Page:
Mortality of five wireworm species (Coleoptera: Elateridae), following topical application of clothianidin and chlorpyrifos

W. G. van Herk, R. S. Vernon, M. Clodius, C. Harding, J. H. Tolman


Five Wireworrn species (Agriotes obscurus, A. sputator, Limonius canus, Ctenicera destructor, and C. pruinina) were exposed to clothianidin and chlorpyrifos at various concentrations using a Potter Spray Tower to compare larval susceptibilities to these compounds. Wireworms were stored in containers with soil at 15 °C after insecticide exposure, and their post-application health was evaluated weekly for up to 140 days. Where possible, LC50, LC90, LT50, and LT90 values were calculated and the LC90 and LT90 values of chemical concentrations compared between species. Considerable differences in susceptibility to both chlorpyrifos and clothianidin were observed among species, with the LC90 of L. canus exposed to clothianidin being significantly higher than A. obscurus or A. sputator. Similarly, while the LC50 of A. sputator exposed to chlorpyrifos was similar to that of C. pruinina and A. obscurus assayed in previous studies (0.05, 0.10, 0.10%, respectively), there was low (12.5%) mortality of L. canus at the highest concentration tested (0.15%). There were considerable differences in the survival of various wireworm species after exposure to clothianidin at 0.15%, with the LT90 of L. canus (66.5 days) similar to those of C. pruinina and C. destructor (52.5, 59.5 days, respectively), but much shorter than those for A. obscurus or A. sputator (122.5, 115.5 days, respectively). Considerable differences in the induction of and recovery from morbidity induced by the chemicals were observed among species. Most larvae of A. sputator and A. obscurus exposed to chlorpyrifos were moribund before C. prumina larvae (4, 7, 42 days after exposure, respectively). Most (proportion = 0.86) larvae of L. canus recovered from morbidity induced by chlorpyrifos, but a high proportion (>08) of moribund A. sputator, A. obscurus, and C. pruinina died. Larvae of C. destructor and C. pruinina which were moribund after exposure to clothianidin at 0.15% died or recovered sooner than larvae of L. canus and A. obscurus. Together these results suggest that the efficacy of both clothianidin and chlorpyrifos for wireworm control in the field are affected by the wireworm species present.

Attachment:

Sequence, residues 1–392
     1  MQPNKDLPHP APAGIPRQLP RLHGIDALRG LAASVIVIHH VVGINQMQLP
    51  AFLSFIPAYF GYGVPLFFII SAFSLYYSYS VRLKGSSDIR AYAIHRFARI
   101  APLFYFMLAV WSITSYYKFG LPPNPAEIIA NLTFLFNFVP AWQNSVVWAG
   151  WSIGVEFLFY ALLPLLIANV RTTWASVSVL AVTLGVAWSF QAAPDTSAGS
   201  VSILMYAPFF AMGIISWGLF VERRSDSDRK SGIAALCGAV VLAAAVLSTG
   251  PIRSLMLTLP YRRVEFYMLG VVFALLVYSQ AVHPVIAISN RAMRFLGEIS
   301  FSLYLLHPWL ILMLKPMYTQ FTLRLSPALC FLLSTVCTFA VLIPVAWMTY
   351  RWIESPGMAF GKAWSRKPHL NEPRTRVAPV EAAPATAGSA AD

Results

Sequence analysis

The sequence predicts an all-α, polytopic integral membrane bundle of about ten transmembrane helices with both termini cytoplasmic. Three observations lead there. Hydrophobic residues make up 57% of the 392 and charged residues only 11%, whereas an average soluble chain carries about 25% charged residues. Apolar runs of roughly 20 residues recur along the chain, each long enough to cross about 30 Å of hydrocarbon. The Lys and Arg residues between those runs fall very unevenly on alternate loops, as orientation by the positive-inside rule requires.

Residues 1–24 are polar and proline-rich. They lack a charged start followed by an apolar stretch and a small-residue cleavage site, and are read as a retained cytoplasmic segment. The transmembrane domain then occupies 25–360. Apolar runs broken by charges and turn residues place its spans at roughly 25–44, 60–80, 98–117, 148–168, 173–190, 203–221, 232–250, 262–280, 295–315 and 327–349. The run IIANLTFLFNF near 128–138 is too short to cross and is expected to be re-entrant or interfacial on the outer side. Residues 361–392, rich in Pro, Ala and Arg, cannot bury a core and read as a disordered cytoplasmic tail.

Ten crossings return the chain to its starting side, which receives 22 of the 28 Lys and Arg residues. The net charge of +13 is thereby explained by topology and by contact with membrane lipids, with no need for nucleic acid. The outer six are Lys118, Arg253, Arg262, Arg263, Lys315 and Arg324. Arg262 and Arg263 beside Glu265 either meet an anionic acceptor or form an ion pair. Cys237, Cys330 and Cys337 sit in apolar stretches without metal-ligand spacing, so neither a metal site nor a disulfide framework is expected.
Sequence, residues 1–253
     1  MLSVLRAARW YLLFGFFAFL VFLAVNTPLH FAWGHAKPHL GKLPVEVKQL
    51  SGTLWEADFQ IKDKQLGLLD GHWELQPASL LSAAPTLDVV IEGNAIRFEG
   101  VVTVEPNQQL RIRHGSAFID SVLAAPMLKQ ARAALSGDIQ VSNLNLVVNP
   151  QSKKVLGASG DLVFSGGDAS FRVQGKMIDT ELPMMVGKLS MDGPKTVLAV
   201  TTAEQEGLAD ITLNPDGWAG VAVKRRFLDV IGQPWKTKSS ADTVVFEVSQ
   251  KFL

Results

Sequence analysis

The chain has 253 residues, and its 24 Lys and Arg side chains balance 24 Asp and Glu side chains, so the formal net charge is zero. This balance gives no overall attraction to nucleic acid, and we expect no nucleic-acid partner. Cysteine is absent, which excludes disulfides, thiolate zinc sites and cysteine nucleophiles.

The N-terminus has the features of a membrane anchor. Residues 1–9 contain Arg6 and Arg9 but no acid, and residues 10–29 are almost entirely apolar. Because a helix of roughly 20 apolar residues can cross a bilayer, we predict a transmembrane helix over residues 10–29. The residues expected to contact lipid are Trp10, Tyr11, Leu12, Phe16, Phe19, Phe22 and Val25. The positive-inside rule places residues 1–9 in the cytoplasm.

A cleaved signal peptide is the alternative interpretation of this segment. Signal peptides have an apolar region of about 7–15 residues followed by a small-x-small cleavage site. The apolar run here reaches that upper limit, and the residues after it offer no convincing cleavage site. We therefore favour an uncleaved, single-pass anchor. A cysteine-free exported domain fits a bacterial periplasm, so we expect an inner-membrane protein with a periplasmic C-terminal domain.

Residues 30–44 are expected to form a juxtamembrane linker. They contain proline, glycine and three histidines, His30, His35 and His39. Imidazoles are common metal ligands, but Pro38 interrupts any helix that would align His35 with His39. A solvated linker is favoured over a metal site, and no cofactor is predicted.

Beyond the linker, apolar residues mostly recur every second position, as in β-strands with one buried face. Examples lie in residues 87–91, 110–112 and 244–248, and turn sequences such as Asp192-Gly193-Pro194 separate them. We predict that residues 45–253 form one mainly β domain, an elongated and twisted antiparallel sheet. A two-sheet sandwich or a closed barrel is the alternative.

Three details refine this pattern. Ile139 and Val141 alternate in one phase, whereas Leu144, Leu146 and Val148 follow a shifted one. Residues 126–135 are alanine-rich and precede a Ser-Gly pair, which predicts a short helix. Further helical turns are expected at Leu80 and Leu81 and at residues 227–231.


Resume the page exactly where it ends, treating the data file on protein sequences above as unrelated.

Agriotes obscurus; Limonius canus; wireworm; contact toxicity; insecticide; survival time

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